31 Artemis Lane Melbourne, Australia 300003 8660 6300
|Opening hours||Daily, noon-3pm,Mon-Fri, 5pm-late,Sat-Sun, 6pm-late|
|Features||Licensed, Accepts bookings, Gluten-free options, Wheelchair access, Bar|
|Prices||Expensive (mains over $40)|
|Payments||AMEX, Mastercard, Visa, Diner's Club, eftpos|
What a turn-up. Only a few short years ago QV was a place restaurants went to die. The churn and burn of the city-centre shopping mall harbouring a mammoth open-air square left its first wave of restaurateurs gasping. I missed the memo about its reversal of fortune, so it's a surprise to front up on a miserable Thursday night to punters slurping noodles and scoffing sushi, queueing out the door of a Malaysian chain outfit and making the joint jump at the second Red Spice Road.
QV was a bold play for this broad-scale Thai restaurant. Actually, given the economic climate, it was a ball-tearing leap of faith. The original opened on McKillop Street almost six years ago and the sequel was delivered in November last year on the premium QV site formerly known as French-Japanese fusion graveyard, Duck Duck Goose.
A restaurant consultant might have quietly warned about the cannibalising potential of a second venue less than one kilometre from the first, but all indications are our appetite for good mostly-Thai is robust. The genre remains under-subscribed despite the immense goodwill attached to the city's A-list of Longrain, Gingerboy and Chin Chin.
Peculiar? Possibly. But Thai is tricky. There's a gulf between the excellent and the rest, the natural consequence of the skill involved in balancing all those competing factions: the kaffir lime and galangal, turmeric and fish sauce and chilli. Red Spice Road doesn't get them all right all the time, but there are still things to like.
The menu, much like Longrain's, starts with a surprisingly small number of appetisers before coming to rest on a surprisingly large number of shared mains. Maximise the experience by eating with a group. Bunches of well-dressed PR interns get with the spirit, colonising the split tri-level space that starts promisingly at the bar - pale upholstery, trendy lighting, smart wishbone chairs and broad communal tables - and shucks its cool so by the third level where, with its steel-framed chairs and utilitarian carpet, it feels a bit like an RSL.
Service isn't bogged down by pleasantries. The young wait staff are too busy to take your coat, although they might nod helpfully in the direction of the coat stand - it's just after the three David Bromley nudes, or six nipples on the left. Our waitress oozed impatience waiting for a wine order, which is a little confronting at these prices.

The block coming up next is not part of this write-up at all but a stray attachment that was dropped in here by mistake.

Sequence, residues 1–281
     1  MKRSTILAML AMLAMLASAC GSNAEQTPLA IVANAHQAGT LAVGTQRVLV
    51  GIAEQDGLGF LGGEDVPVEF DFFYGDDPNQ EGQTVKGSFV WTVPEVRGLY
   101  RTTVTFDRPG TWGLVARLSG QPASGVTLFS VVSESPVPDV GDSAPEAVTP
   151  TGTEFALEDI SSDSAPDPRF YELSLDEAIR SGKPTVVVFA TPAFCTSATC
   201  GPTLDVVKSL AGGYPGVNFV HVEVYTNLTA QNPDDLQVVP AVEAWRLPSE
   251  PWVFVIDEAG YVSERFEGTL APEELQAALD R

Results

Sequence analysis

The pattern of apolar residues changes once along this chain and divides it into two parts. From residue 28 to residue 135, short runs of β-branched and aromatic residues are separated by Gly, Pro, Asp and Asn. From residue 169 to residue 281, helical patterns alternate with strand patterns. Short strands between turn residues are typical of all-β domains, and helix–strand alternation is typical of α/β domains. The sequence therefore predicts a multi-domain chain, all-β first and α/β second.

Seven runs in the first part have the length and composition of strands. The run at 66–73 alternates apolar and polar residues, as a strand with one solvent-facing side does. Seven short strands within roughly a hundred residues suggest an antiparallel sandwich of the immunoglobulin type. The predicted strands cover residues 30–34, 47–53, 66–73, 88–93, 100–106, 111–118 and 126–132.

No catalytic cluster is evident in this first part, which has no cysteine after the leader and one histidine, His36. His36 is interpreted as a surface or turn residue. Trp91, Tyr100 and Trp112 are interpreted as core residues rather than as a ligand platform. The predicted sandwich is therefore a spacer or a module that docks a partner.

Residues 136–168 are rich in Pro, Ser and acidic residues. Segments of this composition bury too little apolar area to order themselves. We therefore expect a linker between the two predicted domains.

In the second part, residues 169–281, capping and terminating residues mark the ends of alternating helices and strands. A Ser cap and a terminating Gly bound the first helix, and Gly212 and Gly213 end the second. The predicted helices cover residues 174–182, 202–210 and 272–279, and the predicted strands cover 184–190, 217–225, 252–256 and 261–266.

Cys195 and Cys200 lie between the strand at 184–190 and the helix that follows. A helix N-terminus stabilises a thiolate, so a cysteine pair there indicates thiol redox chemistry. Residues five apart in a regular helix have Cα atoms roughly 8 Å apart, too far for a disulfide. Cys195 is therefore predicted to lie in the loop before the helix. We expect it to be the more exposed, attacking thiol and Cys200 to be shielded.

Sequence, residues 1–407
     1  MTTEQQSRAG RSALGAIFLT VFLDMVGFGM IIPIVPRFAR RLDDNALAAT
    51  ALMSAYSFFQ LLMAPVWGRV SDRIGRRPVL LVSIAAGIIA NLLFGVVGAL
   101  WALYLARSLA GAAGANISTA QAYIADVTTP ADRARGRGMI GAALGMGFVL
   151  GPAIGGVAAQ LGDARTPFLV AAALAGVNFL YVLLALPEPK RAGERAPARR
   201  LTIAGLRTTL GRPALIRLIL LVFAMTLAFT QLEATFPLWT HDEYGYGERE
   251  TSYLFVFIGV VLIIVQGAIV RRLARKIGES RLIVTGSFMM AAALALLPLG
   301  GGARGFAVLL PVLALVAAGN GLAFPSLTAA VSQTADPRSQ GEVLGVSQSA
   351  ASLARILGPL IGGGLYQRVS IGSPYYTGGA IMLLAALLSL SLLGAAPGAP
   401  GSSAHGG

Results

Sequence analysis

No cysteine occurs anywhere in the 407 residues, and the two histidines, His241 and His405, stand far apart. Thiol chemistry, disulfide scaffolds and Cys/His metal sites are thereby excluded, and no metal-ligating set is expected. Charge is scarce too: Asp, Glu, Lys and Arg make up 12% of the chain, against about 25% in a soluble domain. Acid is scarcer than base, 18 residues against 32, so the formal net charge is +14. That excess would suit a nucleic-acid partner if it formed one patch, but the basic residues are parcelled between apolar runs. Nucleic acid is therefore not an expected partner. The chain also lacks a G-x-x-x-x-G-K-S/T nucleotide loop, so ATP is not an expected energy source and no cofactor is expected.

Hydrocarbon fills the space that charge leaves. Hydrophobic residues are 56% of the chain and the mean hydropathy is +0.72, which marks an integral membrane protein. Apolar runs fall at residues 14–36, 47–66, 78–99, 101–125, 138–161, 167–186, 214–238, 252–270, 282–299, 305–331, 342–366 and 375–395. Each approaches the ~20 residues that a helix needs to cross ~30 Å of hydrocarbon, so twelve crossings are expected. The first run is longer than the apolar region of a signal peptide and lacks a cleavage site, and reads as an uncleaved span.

This isn't Thai to make your eyes water. Lemon-and-ginger oysters make an encouraging start, but hot on their heels the smoked chicken betel leaves are wowserish in the flavour department; it's the grassy, vaguely minty betel leaf that dominates with the odd pop of salmon roe.
A sticky, aggressively peppered puck of duck and prawn ''relish'' planted on a wedge of watermelon is Red Spice Road's answer to Longrain's iconic pork and caramelised pineapple, and has a similar flirtation between the protein ball's pungency and the fruit's drenching sweetness.
More betel leaves are fried into a slightly rubbery tapioca batter, decently filled with smoked eel and coriander. Along for the ride is a gelatinous sweet chilli dipping sauce with a tamarind-sour backbeat.
The kitchen comes closest to nailing the balance with the fried duck legs - pull-apart meat cloaked in crisp-skinned deliciousness - and the kind of zesty, lively salad that's Thai food in full technicolour, with mandarin and cashew, cucumber and explosions of chilli, red onion and fried shallots and a whole lot of holy basil. The goat jungle curry, in a wet base more saltily mono-dimensional than spicy-fragrant and complex, shows that minced meat of any persuasion is less than the sum of its parts.
But desserts are a highlight, which is an unexpectedly good thing in a Thai context. A blushing pink dome of meringue, lychee sorbet and aloe vera cubes, stopped from being too eau de cologne by a balancing whack of fresh lime. It's the sort of meal ender that works brilliantly well for Thai. A palate-cleanser dressed up as dessert, really; a good last impression for a place where first impressions surprise, but the middle bit needs a bit of work.
The best bit Lively atmosphere
The worst bit Hit-and-miss food
Go-to dish Watermelon and sticky duck, $8